The old saying is that "a bull market climbs a wall of worry", and right now people are starting to become more than a little antsy about the global economy and the degree to which NASDAQ may be overvalued. That said, the U.S. economy is still plugging along at a semi-decent clip and continuing to recover incrementally, albeit at too moderate and uneven a pace to get Wall Street terribly excited – but that may be a good thing since Wall Street euphoria always ends badly.
The big question right now is what fraction of short to medium-term speculators are still open to maintaining and increasing their bias towards "risk on". Once that group starts to peter out, NASDAQ's upwards momentum will peter out as well, until we hit the point where a sizeable fraction of those short and medium-term speculators begin to jump ship in numbers large enough to bend the arc of NASDAQ into a downward trend again or at least some consolidation and range trading. Unfortunately, there aren't much in the way of numeric market indicators to judge those trends except after the fact.
NASDAQ futures are down modestly, indicating a modest dip at the open. The question is whether speculators pile on and turn that dip into a rout and sell-off or whether they buy the dip and kick off another short squeeze that pushes NASDAQ to yet another high for the year.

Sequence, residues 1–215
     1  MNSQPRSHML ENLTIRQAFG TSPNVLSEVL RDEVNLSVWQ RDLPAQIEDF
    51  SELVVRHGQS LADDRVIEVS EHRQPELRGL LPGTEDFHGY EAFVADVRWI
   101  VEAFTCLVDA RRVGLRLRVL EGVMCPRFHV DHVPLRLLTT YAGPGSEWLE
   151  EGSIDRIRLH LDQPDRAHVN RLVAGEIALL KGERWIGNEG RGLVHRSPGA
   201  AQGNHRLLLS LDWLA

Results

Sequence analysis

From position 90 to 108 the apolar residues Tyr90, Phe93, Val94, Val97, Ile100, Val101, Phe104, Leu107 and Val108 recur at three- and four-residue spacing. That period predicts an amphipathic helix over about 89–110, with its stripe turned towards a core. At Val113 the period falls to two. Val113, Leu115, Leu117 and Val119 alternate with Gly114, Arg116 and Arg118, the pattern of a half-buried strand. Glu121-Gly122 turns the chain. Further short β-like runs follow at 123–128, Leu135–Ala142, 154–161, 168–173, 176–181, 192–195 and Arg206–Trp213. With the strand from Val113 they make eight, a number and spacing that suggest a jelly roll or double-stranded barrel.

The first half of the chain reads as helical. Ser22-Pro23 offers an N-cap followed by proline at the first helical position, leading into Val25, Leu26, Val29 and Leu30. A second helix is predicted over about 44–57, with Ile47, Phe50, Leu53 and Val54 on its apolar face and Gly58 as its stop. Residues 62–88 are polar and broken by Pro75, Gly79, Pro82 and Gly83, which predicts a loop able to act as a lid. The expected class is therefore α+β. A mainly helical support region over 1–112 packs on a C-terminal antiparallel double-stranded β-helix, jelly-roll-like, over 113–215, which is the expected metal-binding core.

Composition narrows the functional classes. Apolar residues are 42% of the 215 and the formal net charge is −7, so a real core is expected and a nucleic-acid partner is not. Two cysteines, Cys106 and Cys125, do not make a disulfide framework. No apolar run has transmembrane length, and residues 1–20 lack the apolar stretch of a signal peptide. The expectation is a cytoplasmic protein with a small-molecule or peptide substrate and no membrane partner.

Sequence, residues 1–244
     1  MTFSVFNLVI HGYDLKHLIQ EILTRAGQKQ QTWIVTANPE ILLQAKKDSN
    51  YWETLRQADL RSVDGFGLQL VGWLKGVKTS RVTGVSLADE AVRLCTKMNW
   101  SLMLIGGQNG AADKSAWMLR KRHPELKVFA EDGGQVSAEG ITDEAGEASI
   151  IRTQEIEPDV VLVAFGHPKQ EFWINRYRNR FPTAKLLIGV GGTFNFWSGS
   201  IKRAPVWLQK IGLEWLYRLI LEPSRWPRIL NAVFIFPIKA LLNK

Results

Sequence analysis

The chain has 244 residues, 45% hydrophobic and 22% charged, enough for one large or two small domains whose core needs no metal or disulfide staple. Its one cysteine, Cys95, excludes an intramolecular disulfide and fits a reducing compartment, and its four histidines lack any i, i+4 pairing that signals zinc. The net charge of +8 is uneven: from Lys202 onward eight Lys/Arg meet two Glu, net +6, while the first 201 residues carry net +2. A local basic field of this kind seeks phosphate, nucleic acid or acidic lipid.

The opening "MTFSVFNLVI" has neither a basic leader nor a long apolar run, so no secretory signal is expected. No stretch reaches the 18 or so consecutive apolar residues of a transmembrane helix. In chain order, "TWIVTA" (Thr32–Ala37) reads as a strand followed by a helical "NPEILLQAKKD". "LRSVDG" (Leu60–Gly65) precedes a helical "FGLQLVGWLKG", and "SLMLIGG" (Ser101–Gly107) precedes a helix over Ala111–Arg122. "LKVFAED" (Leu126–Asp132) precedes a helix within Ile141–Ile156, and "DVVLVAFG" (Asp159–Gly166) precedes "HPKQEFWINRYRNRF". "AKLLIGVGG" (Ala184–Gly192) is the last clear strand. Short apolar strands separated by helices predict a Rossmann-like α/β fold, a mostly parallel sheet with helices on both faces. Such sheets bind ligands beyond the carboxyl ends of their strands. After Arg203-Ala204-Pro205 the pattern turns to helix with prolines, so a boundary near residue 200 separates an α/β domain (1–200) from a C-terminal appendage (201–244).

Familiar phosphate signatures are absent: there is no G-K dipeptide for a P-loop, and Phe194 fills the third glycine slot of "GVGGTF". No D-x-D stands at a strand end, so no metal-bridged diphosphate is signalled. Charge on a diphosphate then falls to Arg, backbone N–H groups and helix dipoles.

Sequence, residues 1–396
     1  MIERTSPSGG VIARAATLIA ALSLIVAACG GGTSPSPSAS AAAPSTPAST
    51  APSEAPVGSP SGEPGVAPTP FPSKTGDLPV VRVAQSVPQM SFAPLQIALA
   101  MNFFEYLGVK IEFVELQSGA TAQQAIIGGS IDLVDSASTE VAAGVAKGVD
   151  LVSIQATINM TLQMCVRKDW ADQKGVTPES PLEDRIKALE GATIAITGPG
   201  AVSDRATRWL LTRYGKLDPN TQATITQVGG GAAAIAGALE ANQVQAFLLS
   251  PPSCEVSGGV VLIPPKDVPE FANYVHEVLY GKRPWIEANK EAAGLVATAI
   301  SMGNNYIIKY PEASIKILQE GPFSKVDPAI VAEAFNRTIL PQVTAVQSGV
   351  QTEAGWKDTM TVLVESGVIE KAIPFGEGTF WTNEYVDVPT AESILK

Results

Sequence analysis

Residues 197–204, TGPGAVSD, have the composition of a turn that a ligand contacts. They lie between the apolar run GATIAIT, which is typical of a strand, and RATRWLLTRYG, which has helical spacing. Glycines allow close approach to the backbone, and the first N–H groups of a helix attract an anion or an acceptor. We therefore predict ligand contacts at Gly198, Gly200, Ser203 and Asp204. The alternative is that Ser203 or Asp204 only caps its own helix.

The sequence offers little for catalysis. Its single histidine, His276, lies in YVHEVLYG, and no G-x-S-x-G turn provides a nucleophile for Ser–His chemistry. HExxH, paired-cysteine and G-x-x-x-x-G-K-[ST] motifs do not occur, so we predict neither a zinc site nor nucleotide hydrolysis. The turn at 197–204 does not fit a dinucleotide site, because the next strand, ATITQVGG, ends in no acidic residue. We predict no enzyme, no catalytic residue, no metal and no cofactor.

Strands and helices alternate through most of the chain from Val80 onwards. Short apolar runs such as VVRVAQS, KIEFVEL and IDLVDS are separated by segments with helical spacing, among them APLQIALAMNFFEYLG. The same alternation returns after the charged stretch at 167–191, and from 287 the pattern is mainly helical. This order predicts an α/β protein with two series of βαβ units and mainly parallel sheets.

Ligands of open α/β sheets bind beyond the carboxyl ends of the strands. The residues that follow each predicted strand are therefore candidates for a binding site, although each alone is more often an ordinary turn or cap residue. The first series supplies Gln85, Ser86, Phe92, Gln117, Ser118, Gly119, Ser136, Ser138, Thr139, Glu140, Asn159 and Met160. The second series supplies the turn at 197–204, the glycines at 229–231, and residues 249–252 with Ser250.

NASDAQ pushed above the psychological 4700 level briefly on Thursday, but there was too much resistance. NASDAQ still managed to close up for the day every day last week, so clearly there is at least some upwards momentum in play. How long that momentum lasts before some significant consolidation remains to be seen. I'm sure that traders will seek to test that 4700 level of resistance in the near future. Whether deep-pocket speculators (e.g., hedge funds) will use that level as a trigger for reverting from a "risk on" bias to more of a "risk off" bias remains to be seen.
For now, NASDAQ seems poised to both grind higher but with growing odds of some consolidation along the way.
Ultimately it will be the health and strength of the U.S. economy that will drive interest in (U.S.) stocks. The rest of the world is still slogging through the aftereffects of the financial crisis and at a slower pace than the U.S., but eventually Europe will work through their own mess and then join the U.S. on our superior growth track. Hey, even Greece managed to post positive GDP growth after all of their troubles.
-- Jack Krupansky